We also applaud the courage exhibited by many female journalists who, in their earnest pursuit to expose injustices within the societies they work in, have been harassed, unlawfully arrested and tortured but continue to seek the truth and present it to the public for the betterment of those very same societies.
MISA also acknowledges the regional efforts that are being made to increase the representation of women in senior management positions across southern African newsrooms. We insist, however, that more can – and should – be done towards this goal. The same goes for the reportage on issues that directly affect women, for example, gender-based violence and HIV/AIDS. We would like to see more accurate reporting of important matters such as these, reporting that is relieved of the curse and weight of stereotype.
We also encourage media houses within the region to continuously offer support and requisite protection to female journalists who pursue news stories that may potentially put them in harm’s way. In the same breath, we also call upon SADC governments to draw from the rich body of both home-grown and international instruments and best practices on women and gender and streamline these locally with the sole aim of promoting gender equality and human rights protection.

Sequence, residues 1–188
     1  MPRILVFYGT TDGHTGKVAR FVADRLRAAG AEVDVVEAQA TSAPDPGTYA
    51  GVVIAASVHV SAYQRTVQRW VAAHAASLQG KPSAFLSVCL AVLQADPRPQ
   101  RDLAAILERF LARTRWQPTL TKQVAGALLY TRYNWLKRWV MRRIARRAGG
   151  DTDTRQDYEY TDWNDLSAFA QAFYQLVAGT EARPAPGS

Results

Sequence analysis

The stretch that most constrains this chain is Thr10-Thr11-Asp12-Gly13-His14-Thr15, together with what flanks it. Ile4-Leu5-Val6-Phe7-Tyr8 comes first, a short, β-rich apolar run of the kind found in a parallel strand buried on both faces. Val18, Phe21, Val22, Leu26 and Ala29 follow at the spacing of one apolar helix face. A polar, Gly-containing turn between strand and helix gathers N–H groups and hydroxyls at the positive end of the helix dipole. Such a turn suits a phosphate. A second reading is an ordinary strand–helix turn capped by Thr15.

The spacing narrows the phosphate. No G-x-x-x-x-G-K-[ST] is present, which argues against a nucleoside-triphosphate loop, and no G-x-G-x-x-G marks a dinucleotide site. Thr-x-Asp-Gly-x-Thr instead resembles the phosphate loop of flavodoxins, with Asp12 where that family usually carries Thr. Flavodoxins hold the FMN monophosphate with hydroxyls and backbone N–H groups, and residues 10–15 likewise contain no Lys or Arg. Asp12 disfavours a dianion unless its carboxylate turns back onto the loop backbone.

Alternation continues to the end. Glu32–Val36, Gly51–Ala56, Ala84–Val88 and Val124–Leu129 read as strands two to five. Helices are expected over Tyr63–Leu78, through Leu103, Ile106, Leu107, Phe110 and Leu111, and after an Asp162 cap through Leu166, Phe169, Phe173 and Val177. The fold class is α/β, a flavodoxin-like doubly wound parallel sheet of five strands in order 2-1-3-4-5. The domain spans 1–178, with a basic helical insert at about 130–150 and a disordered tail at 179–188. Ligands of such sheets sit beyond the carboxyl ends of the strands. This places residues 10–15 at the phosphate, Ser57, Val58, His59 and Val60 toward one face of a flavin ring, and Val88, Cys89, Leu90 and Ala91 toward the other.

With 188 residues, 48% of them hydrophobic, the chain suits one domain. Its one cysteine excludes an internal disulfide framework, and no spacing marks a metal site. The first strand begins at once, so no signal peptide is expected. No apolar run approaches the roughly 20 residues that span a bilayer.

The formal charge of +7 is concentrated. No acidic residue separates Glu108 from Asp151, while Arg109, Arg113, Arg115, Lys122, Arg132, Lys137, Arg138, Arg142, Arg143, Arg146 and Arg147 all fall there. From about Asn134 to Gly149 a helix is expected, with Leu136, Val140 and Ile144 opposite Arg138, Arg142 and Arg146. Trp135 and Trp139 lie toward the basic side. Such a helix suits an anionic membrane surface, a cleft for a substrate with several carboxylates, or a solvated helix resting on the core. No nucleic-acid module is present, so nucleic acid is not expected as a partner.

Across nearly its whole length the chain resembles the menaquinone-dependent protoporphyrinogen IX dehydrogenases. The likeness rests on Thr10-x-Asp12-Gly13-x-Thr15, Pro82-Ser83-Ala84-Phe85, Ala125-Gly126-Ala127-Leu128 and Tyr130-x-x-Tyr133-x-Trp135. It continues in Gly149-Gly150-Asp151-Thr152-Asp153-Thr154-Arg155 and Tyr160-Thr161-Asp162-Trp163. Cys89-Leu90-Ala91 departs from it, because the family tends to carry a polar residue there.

Finally, MISA remains committed to contributing to and improving the body of research that exists on gender and media in southern Africa, making it more relevant to contemporary needs and forward-looking at the same time. We also reaffirm our commitment to the spearheading and coordination of practical support interventions towards female journalists who fall victim to media freedom and freedom of expression violations.Post published in: News